What’s Up With PAMELA?

There were some comments about this in a previous posting, but I thought it worth remarking on the unusual situation that papers have started to appear reproducing plots of new data from the PAMELA satellite, even though no such data has been officially released.

This all seems to have started with a July 31 talk at ICHEP 2008, with slides here, but evidently some other slides of preliminary data were flashed on the screen. There was a news story in Nature about this, but still no official release of data. Then, on August 20th there was this talk at idm2008, with no slides made available on-line, but interesting slides again flashed. Evidently some enterprising theorist decided to do some of his or her own data acquisition.

Soon, a preprint on Minimal Dark Matter predictions and the PAMELA positron excess was on the arXiv, complete with PAMELA data, with the notation:

the preliminary data points for positron and antiproton fluxes plotted in our figures have been extracted from a photo of the slides taken during the talk, and can thereby slightly differ from the data that the PAMELA collaboration will officially publish.

There are now at least two other papers on the arXiv featuring PAMELA data, evidently from the same source, here and here. Andrew Jaffe has a new blog posting up entitled Stealing Data? where he expresses discomfort with this situation. I can’t quite see that one is “stealing” data if it is being presented at major conferences.

Are there any of my readers out there who can tell us what’s up with PAMELA?

Update: Nature has a new article about PAMELA being “outed by paparazzi physicists”. One of the paparazzi, Marco Cirelli, is quoted as saying that “we had our digital cameras ready”, and claiming that the PAMELA people at the conference didn’t have a problem with this. On the other hand, a PAMELA PI is quoted as being “very, very upset” about this.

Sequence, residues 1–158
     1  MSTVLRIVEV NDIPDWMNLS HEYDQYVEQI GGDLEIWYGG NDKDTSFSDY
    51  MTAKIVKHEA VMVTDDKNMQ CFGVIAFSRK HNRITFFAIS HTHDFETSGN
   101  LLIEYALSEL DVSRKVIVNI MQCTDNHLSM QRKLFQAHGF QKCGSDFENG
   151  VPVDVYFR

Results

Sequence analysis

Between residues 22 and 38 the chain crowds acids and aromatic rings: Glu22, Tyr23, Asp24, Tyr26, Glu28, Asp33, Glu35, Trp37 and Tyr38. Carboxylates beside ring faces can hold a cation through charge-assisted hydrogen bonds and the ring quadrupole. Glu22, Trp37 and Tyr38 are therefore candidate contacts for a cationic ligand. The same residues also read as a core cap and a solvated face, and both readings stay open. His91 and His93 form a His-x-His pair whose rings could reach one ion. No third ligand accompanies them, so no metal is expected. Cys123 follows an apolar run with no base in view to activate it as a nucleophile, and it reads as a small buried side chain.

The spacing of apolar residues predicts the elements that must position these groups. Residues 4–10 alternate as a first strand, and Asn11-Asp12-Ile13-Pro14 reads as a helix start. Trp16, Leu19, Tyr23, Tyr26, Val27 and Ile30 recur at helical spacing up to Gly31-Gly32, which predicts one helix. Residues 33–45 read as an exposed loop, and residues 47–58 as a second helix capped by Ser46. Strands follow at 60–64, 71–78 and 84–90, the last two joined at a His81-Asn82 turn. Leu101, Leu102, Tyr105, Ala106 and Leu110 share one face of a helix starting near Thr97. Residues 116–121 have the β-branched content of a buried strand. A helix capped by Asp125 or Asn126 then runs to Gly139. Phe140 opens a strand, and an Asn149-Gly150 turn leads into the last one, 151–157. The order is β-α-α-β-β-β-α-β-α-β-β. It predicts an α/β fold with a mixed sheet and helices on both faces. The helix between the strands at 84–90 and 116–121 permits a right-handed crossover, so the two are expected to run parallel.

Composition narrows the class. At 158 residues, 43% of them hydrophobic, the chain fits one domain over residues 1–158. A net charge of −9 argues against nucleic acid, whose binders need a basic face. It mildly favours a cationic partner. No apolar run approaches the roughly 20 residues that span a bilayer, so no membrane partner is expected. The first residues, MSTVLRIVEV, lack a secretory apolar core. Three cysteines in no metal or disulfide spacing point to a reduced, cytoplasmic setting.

And I should have linked earlier to this posting at Resonaances: Hot Photos of PAMELA.

Update: According to Science News, the problem is not a Nature embargo. They just haven’t finished a paper yet:

“We plan to have final results ready by early October and submit a paper to a peer-reviewed journal,” Boezio told Science News. Until then, he says, the findings remain preliminary, and “We prefer to withhold further comments.”

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9 Responses to What’s Up With PAMELA?

  1. Kea says:

    Well, I have no idea, but a visiting colleague here who works with some Italian PAMELA people said they were ‘very happy’ about new results.

  2. Stan says:

    Really, this sort of behavior is just going to make collaborations more reluctant to show preliminary plots at conferences before the paper is ready. (Maybe they should be anyway…)

    I’m told by people I work with on SNO that they stressed a lot about this before their first paper. They wanted to show event distributions at a conference, but were worried that someone might try to eyeball-integrate the number of events in the curve. In principle, someone could use that information plus published whitepapers about the detector response to guesstimate the neutrino flux SNO was seeing before the proper analysis by the collaboration would be published. (Never mind that since SNO was doing a blind analysis, the answer would have been wrong anyway.)